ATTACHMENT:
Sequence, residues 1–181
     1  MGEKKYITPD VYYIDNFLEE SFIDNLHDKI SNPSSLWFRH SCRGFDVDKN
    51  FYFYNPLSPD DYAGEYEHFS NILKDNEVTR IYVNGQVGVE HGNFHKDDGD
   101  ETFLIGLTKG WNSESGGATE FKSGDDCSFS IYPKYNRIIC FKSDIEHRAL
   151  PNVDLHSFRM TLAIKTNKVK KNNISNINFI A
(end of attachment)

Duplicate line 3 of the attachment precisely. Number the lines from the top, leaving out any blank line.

    51  FYFYNPLSPD DYAGEYEHFS NILKDNEVTR IYVNGQVGVE HGNFHKDDGD